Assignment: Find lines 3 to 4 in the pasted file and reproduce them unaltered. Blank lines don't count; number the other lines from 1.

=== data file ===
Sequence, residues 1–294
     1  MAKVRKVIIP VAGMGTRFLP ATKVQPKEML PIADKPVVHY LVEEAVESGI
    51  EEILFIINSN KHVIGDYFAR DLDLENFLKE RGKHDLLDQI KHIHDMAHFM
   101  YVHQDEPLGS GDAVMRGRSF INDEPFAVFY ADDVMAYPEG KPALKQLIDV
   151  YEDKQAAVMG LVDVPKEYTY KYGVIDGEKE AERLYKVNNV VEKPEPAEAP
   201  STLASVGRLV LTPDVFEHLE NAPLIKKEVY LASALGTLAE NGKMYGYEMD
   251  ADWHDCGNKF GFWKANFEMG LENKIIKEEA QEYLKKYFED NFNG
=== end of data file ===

    51  EEILFIINSN KHVIGDYFAR DLDLENFLKE RGKHDLLDQI KHIHDMAHFM
   101  YVHQDEPLGS GDAVMRGRSF INDEPFAVFY ADDVMAYPEG KPALKQLIDV